Donald Leo Lucas, ’51 (economics), MBA ’53, of Atherton, Calif., December 27, at 89. He was a member of Zeta Psi and the rugby and football teams. After serving in the Army, he made a career in corporate finance. With Draper, Gaither & Anderson, he raised half the initial equity financing for National Semiconductor Corp. As an independent Silicon Valley venture capitalist, he served on the boards and in director roles at Oracle, HBO, Macromedia/Adobe and many other companies. He co-founded the Stanford Institute for Economic Policy and Research and the Humanities and Sciences Council. He was a devout Catholic and a member of the Sovereign Military Order of Malta. He was predeceased by his wife of 47 years, Lygia, and son John Anthony. Survivors: his children, Nancy Thibodeau, Alexandra Ertola and Donald; nine grandchildren; and brother.

Kenneth Robert Clark, ’52 (English), MA ’56 (speech and drama), of Chilliwack, British Columbia, September 20, at 89, of natural causes. He played in the Band and served in the Navy. He taught communications to university students, which was informed by his work as a scriptwriter, producer of dramas for ABC and writer and producer for PBS. He was also a real estate agent and innkeeper. He served as president of several Rotary chapters and was president of the Santa Cruz County Symphony. He traveled widely but spent many especially happy years in Nova Scotia. He was predeceased by his wife, Elizabeth. Survivors: his children, Michael, Stephen, Libby and Katie; and six grandchildren.

Robert Donald Hoffman, ’52 (geology), of Burlingame, Calif., November 23, at 89, of congestive heart failure. He was a member of the marching band. He spent his early career with Tidewater Oil before becoming a consulting geologist in Bakersfield, Calif. He was active in the American Association of Petroleum Geologists and served as Bakersfield’s first commissioner for the American Youth Soccer Organization. He also enjoyed handball, bridge, genealogy and reading. He was predeceased by his wife, Dolores (Morelli, ’54, MA ’54). Survivors: his children, Laurel Winzler, ’76, Susan, Diana Oertel, ’81, Steve and Mark; and three grandchildren.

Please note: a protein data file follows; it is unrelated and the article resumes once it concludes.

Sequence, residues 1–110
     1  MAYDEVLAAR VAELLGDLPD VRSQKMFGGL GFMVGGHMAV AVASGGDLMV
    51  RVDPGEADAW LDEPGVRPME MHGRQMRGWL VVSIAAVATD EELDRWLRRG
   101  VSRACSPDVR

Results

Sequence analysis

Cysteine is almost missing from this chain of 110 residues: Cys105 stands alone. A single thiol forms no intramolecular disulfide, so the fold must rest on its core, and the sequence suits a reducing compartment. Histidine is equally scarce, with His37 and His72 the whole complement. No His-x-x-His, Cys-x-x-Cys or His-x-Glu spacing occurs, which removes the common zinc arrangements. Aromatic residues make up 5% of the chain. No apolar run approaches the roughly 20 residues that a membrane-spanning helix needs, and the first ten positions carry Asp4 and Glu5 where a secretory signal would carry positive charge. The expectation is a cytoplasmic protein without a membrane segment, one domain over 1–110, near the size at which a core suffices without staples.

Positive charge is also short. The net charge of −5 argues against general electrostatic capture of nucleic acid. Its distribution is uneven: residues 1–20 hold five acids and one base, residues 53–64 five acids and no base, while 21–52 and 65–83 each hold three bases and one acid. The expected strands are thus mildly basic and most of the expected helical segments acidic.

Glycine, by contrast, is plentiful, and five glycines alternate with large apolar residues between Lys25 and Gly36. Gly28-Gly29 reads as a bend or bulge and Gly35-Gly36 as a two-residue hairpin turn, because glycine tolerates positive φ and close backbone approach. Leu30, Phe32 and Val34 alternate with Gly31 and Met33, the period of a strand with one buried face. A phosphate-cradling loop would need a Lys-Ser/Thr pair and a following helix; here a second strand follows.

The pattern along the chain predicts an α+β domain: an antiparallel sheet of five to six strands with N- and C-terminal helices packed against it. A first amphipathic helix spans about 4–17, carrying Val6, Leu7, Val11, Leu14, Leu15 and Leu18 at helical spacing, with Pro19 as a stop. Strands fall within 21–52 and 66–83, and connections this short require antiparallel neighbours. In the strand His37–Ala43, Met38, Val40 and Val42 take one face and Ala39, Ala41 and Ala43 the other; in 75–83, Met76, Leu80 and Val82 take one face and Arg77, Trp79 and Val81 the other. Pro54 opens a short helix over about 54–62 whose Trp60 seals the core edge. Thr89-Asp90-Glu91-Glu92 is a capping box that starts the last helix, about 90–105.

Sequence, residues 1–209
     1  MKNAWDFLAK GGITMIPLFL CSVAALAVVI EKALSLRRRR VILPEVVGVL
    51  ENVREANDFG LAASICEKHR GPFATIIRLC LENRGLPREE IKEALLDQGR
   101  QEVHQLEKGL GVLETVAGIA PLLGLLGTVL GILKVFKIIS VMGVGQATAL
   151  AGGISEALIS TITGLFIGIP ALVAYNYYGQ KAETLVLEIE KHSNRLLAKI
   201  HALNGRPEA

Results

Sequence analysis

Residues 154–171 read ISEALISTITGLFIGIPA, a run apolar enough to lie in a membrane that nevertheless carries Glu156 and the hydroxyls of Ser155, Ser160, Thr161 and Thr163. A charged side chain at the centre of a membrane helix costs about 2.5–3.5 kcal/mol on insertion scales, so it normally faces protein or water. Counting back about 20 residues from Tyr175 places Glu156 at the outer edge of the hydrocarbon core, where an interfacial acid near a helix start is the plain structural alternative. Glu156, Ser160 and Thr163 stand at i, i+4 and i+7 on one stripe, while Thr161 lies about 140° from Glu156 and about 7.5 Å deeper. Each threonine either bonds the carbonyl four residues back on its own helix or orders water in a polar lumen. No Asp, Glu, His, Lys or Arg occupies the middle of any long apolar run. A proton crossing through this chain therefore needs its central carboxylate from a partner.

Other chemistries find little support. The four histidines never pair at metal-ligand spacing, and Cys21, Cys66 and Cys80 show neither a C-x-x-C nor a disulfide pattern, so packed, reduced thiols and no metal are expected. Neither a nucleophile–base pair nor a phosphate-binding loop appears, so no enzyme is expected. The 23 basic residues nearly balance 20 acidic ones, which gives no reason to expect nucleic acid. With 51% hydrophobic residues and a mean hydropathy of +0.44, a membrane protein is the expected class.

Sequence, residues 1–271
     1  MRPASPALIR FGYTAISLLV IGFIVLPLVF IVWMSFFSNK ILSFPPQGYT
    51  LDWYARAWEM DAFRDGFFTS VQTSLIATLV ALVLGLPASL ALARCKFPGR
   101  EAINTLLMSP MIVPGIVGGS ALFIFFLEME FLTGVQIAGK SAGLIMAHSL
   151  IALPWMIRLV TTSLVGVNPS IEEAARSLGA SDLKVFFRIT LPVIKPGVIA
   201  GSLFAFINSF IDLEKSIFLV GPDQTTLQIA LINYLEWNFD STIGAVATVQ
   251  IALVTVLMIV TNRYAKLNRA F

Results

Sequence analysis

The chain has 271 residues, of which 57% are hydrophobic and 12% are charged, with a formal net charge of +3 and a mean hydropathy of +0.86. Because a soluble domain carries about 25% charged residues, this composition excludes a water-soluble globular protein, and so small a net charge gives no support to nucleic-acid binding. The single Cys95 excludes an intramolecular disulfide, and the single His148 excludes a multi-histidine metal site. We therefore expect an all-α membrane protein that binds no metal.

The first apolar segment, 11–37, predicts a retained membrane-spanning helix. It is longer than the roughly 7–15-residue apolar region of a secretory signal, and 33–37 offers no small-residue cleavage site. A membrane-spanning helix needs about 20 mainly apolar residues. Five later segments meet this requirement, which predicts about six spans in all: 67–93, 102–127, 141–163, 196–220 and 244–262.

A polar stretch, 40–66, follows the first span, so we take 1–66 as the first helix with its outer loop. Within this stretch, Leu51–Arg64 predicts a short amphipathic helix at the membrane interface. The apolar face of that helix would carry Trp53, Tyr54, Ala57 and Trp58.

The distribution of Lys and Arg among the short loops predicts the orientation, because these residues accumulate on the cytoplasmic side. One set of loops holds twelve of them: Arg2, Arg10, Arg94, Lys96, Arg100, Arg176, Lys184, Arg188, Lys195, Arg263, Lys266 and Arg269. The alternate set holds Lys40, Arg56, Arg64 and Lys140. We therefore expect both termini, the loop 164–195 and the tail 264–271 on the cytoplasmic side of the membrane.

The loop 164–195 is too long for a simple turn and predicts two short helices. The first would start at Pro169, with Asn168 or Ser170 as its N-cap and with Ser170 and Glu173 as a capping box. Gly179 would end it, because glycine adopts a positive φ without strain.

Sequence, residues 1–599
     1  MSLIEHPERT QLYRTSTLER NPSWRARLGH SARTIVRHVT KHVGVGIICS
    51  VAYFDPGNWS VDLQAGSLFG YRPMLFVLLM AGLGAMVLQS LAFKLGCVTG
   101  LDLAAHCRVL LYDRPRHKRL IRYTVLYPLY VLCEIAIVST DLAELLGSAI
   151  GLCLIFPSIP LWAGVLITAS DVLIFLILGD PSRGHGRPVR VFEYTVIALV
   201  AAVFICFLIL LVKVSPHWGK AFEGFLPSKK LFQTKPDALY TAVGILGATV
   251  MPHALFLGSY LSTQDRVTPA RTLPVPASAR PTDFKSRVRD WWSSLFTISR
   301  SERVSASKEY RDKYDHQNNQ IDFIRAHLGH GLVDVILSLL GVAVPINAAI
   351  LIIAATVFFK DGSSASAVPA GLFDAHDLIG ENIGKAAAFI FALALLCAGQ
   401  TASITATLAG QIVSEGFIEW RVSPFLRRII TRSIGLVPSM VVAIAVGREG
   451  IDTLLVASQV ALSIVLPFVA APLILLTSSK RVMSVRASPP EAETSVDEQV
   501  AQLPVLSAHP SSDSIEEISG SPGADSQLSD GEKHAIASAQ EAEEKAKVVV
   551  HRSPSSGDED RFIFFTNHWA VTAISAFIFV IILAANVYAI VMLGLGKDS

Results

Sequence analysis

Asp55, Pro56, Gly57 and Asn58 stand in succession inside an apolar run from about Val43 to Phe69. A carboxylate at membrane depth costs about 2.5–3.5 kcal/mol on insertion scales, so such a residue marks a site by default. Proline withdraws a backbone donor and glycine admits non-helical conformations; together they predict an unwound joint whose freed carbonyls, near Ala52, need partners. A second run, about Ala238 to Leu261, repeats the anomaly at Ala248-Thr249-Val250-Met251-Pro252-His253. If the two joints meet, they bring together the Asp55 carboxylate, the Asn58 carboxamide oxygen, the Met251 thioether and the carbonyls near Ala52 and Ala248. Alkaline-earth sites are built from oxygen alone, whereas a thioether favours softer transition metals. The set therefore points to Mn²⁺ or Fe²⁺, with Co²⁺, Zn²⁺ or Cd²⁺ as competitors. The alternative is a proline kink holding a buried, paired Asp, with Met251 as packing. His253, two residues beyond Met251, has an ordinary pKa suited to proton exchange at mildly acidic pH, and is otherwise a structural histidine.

Paula Joan Foster Olch, ’52 (biological sciences), of Tucson, Ariz., June 22, 2019, at 87, of Parkinson’s disease. After trying various careers, she found her calling as a massage therapist. She maintained many circles of friends and loved hiking in the Sonoran Desert. She enjoyed yoga and singing in choirs, competitive ballroom dance and Scottish country and contra dancing. Her spirit of adventure led her on travels to Mexico, Guatemala, Costa Rica, Bali, Japan, Scotland, England and Canada. Survivors: her daughters, Karen and Janice; and a granddaughter.

Albert Richard “Dick” Jaqua, ’53 (general engineering), of La Honda, Calif., September 24, at 89. He loved music and performed at many local events during his time at Stanford. Later he appeared in musicals with the Palo Alto Community Players and Paglacci Players, and opened a guitar studio in Palo Alto before starting a career in design and building. He also enjoyed piloting his airplane, reading Shakespeare, growing oak trees and playing tennis. He was predeceased by his daughter Wendy. Survivors: his wife, Ami; children Aaron, Paul, Daniel and Rebeka; 10 grandchildren; three great-grandchildren; and sister.